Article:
“What’ll it be boys, burgundy or claret?”, asked the gravely-voiced owner of Bordeaux Wines on Lincoln Road. It was 1975. As a recent convert to wine I’d decided to visit every winery in Western Auckland with a wine-wise friend. We’d started our tour by calling on the curiously named winery simply because we’d never tasted its wines.
Can a screwcap wine be corked?
Yes, in theory at least, but it’s about as likely as finding a Kakapo in Queen Street. Cork taint is caused by a mould that grows in the bark of the cork oak. A by-product of the mould forms the chemical 246 trichloranisole (tca) – the source of 90% of cork taint according to the Australian Wine Research Centre.
Australian, American and Asian airlines are the worst. European airlines are pretty good. Air New Zealand is a shining example of an airline that uses politically perfect prose.
It’s easy to learn about wine. You simply drink more of it. Before I get a stern letter from the Alcoholic Liquor Advisory Board I should explain that by “more of it” I mean a wider range of wines rather than an increased volume of your favourite drop. The same rule applies to food. You won’t learn much about Indian cuisine by tucking into a Vindaloo every Friday night.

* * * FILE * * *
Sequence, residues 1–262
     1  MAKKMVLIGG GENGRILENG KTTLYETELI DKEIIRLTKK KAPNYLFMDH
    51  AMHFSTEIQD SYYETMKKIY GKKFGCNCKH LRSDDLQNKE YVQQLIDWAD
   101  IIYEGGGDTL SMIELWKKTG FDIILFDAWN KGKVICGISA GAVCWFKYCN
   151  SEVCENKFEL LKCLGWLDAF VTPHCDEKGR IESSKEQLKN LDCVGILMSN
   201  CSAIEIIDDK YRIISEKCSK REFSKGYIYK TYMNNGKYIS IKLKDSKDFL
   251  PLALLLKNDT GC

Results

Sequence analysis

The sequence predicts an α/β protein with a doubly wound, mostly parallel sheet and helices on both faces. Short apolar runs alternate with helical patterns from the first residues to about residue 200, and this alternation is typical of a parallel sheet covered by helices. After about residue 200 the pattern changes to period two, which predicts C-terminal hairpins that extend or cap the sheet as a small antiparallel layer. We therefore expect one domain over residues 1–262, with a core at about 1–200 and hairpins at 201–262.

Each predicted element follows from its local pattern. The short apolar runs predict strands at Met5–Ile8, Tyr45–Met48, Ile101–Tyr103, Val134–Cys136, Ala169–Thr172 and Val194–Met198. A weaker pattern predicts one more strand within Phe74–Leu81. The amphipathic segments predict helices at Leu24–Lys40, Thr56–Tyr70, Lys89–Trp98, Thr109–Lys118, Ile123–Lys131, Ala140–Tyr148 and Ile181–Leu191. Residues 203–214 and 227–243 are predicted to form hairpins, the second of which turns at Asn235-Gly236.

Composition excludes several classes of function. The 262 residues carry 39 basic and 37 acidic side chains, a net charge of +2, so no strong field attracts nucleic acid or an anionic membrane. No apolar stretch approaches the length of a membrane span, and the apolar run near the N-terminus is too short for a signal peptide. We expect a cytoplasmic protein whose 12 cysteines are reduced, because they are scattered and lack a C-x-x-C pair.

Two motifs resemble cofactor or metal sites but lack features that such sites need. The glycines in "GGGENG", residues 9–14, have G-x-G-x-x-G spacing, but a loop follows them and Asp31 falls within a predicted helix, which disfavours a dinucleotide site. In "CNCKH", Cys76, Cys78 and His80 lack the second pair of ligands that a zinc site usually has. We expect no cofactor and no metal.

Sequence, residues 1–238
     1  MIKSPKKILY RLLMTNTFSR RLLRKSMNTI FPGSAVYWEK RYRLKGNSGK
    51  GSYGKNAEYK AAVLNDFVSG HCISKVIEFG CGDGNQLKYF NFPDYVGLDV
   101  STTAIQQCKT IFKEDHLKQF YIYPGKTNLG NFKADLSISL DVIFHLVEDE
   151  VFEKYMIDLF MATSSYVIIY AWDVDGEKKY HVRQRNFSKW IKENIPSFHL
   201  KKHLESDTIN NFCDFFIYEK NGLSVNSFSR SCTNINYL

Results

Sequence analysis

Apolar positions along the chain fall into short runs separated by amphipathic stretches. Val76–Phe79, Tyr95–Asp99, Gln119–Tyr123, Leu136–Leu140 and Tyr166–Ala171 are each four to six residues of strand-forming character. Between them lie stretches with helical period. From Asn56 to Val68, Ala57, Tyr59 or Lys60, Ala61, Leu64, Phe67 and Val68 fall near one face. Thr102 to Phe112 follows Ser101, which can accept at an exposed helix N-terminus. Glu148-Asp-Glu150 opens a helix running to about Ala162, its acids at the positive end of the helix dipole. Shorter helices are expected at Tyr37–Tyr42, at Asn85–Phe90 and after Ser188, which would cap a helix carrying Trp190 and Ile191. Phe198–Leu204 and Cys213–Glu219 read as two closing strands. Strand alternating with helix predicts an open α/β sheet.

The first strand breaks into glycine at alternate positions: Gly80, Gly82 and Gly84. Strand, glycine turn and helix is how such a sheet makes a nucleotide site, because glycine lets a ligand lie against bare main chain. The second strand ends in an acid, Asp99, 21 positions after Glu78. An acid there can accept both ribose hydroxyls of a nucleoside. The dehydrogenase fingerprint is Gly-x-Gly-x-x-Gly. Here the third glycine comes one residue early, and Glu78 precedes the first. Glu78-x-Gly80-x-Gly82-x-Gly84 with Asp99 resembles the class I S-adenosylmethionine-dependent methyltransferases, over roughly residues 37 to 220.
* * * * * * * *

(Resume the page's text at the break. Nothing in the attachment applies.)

There are two sorts of wine drinkers; those who drink Sauvignon Blanc regularly and those who drink it occasionally. It seems to me that the whole world is in love with Sauvignon Blanc.
I count myself as an expert on matching wine with this dish as it is one of my favourites. The classic match with lamb is Cabernet Sauvignon, or perhaps a blend of Cabernet Sauvignon with other grape varieties such as Merlot or Malbec. Why? Lamb
I bought a bottle of Montana Pinot Gris recently and was surprised to read “The wine was clarified the traditional way using dairy and fish products. Traces may remain.” Since when have dairy and fish products been used to make wine? – J Simmons, Tauranga
Riesling is the oyster of the wine world. You either love it or hate it – there’s no middle ground. I love it. I have trouble understanding why everyone doesn’t share my passion. Riesling is, in my view, the world’s greatest white grape variety.
Merlot is a thinking man’s Cabernet Sauvignon. Merlot is for people who like Mozart, cryptic crosswords, artichokes and Kim Hill. In fact the thought of sharing a bottle of Merlot with Kim Hill while listening to Mozart, eating artichokes and doing a cryptic crossword gets me quite excited. Merlot is not easy to understand but when you do figure it out you’ll never drink Cabernet again.
Stop 100 people in the street and ask them to name their favourite white grape variety. About five will name Riesling. Even the variable and mostly lack-lustre Pinot Gris is more popular than Riesling. But then Eminem is dramatically more popular than Mozart. I take the extreme view that Eminem is not fit to clean Mozart’s boots. I feel the same about Pinot Gris and Riesling.